During acute myocarditis at day 10 postinfection, TLR3-deficient mice displayed more severe functional impairment compared with WT mice as assessed by pressure-volume relationships (Table 1). End-systolic pressure (ESP) in TLR3-deficient mice (96 ± 4.7 mmHg) was significantly decreased compared with WT controls (108 ± 2.6 mmHg, P = 0.03). EF dropped to 48% in TLR3-deficient mice vs. 66% in WT controls (P = 0.03). For TLR3-deficient mice, this was a 27% decrease in EF from baseline, whereas EF in WT controls was only 11% lower (Table 1). Peak flow rate (PFR) normalized to end-diastolic volume (EDV) (i.e., PFR/EDV) remained at 37 ± 4.0 in WT mice but diminished to 25 ± 2.0 s−1 in TLR3−/− mice (P = 0.02), a 36% decline from uninfected controls. Stroke work (SW) dropped from 1,069 ± 100 mmHg × μl in WT to 717 ± 83 in TLR3-deficient mice (P = 0.02). Maximum ventricular power (PMX) in WT mice was 13 ± 0.7 mW, while power had declined to 9 ± 1.2 mW in TLR3-deficient mice (P = 0.03). The parameters described above reveal a decline in systolic function in TLR3-deficient mice; however, diastolic heart function was also impaired in knockout mice. dP/dt minimum (dP/dt min) in TLR3-deficient mice was 30% lower at −6,795 ± 615 mmHg/s than WT mice at −9,549 ± 454 mmHg/s (P = 0.002).
In WT mice, heart function returned to normal after the acute phase of myocarditis abated, but several important parameters of heart function assessed using pressure-volume relationships indicated that TLR3-deficient hearts remained significantly impaired out to day 35 postinfection (Table 1). ESP in WT mice at day 35 postinfection was improved (116 ± 3.4 mmHg) compared with uninfected WT mice (111 ± 3.8 mmHg), while ESP in TLR3-deficient mice continued to decline (90 ± 6.1 mmHg, P = 0.001). PFR/EDV recovered in WT mice by day 35 postinfection (45 ± 3 s−1), while TLR3-deficient mice did not (29 ± 2 s−1, P = 5 × 10−4). Preload recruitable stroke work also failed to recover in TLR3-deficient mice by day 35 postinfection (60 ± 10 mmHg) but did in WT mice (115 ± 6.4 mmHg, P = 6 × 10−4). PMX continued to decline in TLR3-deficient mice (9 ± 1.7 mW) compared with WT controls at day 35 postinfection (14 ± 1.0 mW, P = 0.01). While PMX in uninfected TLR3-deficient mice was 18% lower than WT controls, this gap widened to 26% at day 10 and 38% by day 35 postinfection. Diastolic measures of heart function remained impaired at day 35 postinfection in TLR3-deficient mice. dP/dt min was −7,757 ± 904 mmHg/s in TLR3-deficient mice and −10,852 ± 432 mmHg/s for WT controls (P = 0.005). Overall, on the basis of pressure volume analysis, TLR3-deficient mice developed progressively impaired cardiac function, while WT mice recovered following acute myocarditis.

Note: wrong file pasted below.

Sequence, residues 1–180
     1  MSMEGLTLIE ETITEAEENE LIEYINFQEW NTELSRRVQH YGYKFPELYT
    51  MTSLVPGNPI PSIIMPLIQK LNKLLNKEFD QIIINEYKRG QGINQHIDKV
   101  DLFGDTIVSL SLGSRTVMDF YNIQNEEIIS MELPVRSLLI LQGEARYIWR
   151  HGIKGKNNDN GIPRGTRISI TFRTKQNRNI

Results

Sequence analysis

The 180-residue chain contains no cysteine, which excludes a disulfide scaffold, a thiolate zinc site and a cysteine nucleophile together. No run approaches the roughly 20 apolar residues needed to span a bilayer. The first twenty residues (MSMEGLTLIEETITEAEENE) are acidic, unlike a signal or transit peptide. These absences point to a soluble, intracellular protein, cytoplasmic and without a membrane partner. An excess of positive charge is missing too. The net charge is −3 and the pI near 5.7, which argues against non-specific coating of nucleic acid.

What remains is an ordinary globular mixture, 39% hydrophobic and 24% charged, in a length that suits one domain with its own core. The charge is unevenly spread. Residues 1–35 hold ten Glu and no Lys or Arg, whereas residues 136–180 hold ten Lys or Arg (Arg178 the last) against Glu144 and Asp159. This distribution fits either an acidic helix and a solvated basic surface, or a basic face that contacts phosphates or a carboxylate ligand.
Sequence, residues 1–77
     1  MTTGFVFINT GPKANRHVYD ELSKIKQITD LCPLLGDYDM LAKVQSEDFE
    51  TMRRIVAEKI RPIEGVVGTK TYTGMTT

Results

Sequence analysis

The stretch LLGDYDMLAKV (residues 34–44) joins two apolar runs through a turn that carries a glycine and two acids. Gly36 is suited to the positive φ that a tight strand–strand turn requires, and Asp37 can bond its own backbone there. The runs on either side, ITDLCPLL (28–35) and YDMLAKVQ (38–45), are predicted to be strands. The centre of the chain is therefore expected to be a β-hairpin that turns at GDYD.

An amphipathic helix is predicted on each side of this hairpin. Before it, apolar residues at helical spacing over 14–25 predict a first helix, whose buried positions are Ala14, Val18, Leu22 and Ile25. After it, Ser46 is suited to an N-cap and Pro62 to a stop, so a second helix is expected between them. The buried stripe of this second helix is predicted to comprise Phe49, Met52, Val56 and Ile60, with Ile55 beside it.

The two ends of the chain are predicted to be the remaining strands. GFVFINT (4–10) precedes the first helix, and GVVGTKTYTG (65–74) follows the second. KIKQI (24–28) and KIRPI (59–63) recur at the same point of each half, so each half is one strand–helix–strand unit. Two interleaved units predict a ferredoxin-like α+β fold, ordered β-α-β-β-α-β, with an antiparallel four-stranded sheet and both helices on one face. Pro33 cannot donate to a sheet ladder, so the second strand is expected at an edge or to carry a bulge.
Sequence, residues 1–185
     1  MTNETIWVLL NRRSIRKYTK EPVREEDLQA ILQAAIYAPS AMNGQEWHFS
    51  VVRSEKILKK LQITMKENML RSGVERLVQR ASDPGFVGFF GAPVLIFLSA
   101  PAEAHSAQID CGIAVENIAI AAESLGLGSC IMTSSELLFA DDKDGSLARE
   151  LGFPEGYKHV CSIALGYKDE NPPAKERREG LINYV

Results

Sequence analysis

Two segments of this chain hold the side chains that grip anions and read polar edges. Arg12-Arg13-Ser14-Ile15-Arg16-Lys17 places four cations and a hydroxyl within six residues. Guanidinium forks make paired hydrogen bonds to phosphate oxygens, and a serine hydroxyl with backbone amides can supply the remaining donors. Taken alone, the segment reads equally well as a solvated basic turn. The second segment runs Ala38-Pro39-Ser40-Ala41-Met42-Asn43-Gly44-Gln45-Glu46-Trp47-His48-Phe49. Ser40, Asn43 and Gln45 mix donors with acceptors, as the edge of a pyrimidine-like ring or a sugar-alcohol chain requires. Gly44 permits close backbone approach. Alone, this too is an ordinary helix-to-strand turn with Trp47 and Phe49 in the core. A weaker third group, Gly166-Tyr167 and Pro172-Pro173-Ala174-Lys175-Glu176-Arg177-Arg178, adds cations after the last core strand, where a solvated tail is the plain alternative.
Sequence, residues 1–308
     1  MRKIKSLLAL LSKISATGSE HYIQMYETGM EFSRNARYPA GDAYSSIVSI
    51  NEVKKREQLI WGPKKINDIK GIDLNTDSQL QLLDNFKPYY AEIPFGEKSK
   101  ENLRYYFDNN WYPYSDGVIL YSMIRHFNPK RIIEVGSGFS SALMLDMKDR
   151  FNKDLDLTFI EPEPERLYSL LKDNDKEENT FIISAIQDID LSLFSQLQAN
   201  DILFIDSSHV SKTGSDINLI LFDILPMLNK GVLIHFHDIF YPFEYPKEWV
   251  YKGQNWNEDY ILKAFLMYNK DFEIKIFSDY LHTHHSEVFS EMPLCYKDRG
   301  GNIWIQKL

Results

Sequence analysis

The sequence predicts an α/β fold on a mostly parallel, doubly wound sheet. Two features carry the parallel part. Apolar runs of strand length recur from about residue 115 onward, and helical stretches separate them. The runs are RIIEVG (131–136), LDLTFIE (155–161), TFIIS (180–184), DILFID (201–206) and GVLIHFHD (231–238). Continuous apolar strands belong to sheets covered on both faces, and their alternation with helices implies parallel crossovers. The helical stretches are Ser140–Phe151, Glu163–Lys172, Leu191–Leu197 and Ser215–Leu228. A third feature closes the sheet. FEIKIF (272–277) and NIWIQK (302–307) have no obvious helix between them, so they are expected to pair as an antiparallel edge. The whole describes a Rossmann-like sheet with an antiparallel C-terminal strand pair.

IL-4 deficiency reduces cardiac dysfunction.
To determine whether increased IL-4 in TLR3-deficient mice could impair cardiac function, we assessed heart function using echocardiography and pressure-volume relationships in IL-4-deficient mice during acute CVB3 myocarditis at day 10 postinfection (Table 2). Although indicators of poor heart function such as SW, maximum ventricular power (PMX), and ejection fraction (EF) were significantly lower during acute CVB3 myocarditis (day 10 postinfection) in TLR3-deficient mice compared with controls (Fig. 6D, Table 1), these heart function parameters were unchanged (i.e., EF) or improved (i.e., PMX, SW) in IL-4-deficient mice during acute myocarditis compared with WT mice (Table 2). Similarly, other heart function parameters that were worse in TLR3-deficient mice vs. controls during acute myocarditis (Table 1) were unaltered or improved in IL-4-deficient mice compared with WT mice (Table 2), demonstrating that IL-4 negatively impacts heart function during acute CVB3 myocarditis.